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Fig. 29 | Journal of Palaeogeography

Fig. 29

From: The hyperpycnite problem

Fig. 29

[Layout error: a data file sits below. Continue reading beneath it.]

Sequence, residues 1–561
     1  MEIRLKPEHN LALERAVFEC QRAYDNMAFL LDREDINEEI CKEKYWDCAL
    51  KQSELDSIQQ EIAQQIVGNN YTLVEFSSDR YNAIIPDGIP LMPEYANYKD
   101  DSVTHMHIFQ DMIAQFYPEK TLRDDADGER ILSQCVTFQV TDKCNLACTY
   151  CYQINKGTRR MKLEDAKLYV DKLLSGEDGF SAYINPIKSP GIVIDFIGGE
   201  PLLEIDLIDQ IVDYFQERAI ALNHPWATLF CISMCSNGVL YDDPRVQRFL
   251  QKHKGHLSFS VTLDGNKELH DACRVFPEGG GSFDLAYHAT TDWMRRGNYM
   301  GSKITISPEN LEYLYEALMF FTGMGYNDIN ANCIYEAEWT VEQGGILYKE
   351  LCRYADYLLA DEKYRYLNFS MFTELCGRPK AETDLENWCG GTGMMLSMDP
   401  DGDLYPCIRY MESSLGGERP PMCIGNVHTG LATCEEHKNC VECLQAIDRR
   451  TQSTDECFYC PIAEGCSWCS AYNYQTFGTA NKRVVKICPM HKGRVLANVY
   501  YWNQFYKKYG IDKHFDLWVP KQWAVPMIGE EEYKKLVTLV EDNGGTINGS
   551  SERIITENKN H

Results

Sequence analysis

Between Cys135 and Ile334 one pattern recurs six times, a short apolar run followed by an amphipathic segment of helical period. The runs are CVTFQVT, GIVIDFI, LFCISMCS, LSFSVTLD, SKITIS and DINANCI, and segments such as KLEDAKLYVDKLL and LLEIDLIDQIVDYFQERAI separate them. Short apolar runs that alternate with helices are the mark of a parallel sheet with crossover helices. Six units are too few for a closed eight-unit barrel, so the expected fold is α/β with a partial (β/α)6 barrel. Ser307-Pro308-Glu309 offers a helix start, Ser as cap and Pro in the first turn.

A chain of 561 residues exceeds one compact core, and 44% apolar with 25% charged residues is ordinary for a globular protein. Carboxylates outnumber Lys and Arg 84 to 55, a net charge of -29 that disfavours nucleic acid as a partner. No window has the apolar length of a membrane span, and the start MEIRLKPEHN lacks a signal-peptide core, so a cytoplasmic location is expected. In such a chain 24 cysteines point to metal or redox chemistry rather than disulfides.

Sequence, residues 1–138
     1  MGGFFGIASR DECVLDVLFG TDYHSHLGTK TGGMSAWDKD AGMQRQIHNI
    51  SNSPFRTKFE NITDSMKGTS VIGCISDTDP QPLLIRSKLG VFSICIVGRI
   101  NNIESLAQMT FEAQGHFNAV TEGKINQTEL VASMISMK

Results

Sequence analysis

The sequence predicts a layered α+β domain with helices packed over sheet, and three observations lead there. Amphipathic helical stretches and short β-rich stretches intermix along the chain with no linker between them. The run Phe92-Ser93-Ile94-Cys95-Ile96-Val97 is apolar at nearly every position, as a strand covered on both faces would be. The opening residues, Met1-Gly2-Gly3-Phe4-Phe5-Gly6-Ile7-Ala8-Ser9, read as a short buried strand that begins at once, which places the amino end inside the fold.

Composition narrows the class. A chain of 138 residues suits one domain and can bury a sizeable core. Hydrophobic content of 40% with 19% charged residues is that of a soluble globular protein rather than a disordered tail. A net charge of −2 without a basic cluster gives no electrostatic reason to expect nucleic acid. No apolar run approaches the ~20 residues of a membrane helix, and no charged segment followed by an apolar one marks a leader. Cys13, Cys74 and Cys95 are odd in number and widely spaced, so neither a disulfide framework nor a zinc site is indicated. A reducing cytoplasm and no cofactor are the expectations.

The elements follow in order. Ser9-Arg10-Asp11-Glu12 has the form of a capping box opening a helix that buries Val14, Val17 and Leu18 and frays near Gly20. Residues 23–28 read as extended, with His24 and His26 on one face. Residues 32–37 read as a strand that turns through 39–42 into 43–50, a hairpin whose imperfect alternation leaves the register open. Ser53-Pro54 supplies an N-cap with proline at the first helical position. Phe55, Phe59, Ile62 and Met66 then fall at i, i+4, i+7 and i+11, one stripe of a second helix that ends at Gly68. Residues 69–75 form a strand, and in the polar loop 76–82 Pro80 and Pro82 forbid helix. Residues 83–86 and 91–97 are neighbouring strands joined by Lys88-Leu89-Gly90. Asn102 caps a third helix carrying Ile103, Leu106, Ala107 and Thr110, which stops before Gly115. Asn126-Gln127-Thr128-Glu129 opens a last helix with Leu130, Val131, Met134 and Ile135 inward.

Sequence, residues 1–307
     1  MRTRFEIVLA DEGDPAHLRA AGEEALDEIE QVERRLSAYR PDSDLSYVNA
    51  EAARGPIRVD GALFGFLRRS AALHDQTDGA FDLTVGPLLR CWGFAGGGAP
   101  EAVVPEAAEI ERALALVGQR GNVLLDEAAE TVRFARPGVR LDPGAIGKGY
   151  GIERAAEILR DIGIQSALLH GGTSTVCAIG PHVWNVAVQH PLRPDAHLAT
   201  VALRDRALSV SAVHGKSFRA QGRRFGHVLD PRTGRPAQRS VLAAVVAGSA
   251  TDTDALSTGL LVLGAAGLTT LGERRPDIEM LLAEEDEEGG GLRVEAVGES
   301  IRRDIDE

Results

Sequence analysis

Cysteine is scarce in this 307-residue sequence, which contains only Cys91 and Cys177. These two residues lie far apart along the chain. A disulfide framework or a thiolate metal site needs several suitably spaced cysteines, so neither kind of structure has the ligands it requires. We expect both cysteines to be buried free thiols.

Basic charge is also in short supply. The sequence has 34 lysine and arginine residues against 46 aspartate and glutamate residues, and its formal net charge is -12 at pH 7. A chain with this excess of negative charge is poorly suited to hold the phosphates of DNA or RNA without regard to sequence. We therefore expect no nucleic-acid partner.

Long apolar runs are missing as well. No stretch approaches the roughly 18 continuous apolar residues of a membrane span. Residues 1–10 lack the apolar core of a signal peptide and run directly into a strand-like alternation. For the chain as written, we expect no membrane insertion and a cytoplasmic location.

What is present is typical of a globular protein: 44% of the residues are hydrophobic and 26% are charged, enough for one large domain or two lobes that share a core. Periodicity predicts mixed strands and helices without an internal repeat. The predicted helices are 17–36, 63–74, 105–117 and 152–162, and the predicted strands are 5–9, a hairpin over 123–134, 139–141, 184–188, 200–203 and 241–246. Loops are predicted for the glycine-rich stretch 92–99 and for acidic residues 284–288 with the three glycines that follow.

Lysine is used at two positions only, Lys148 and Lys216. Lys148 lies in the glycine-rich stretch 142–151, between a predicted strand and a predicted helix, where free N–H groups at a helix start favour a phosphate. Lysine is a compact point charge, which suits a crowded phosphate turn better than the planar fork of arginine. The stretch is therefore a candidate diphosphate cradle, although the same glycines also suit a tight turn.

Summary diagram showing 14 general types of plumes that include 12 marine examples and two lacustrine examples. a Lobate plume developed by a single river channel; b Coalescing lobate plume developed by multiple river channels; c Dissipating plume with an irregular front developed within a major estuary; d Linear plume developed in a braid delta e U-Turn plume developed in response to influence by ocean currents; f Meltwater plume developed from glacier; g Dust plume from eolian processes that can transport dust beyond the shelf edge; h Cascading plume developed during cyclones that tend to transport sediment (gravel, sand and mud) beyond the shelf break (Shanmugam 2008a); i Backwash plume developed during tsunamis that tend to transport sediment (gravel, sand and mud) beyond the shelf break (Shanmugam 2006b); j Whitings plume and ring plume developed in carbonate environments; k Ash plume developed during volcanic eruptions; l Tendril and swirly plumes developed in lakes. Note that with the exception of cyclones and tsunamis, none of the other plumes can transport sand and gravel to the deep sea by bedload mode. Although these different types can be recognized on modern systems using satellite or other photographic images, individual types cannot be distinguished in the ancient sedimentary record yet

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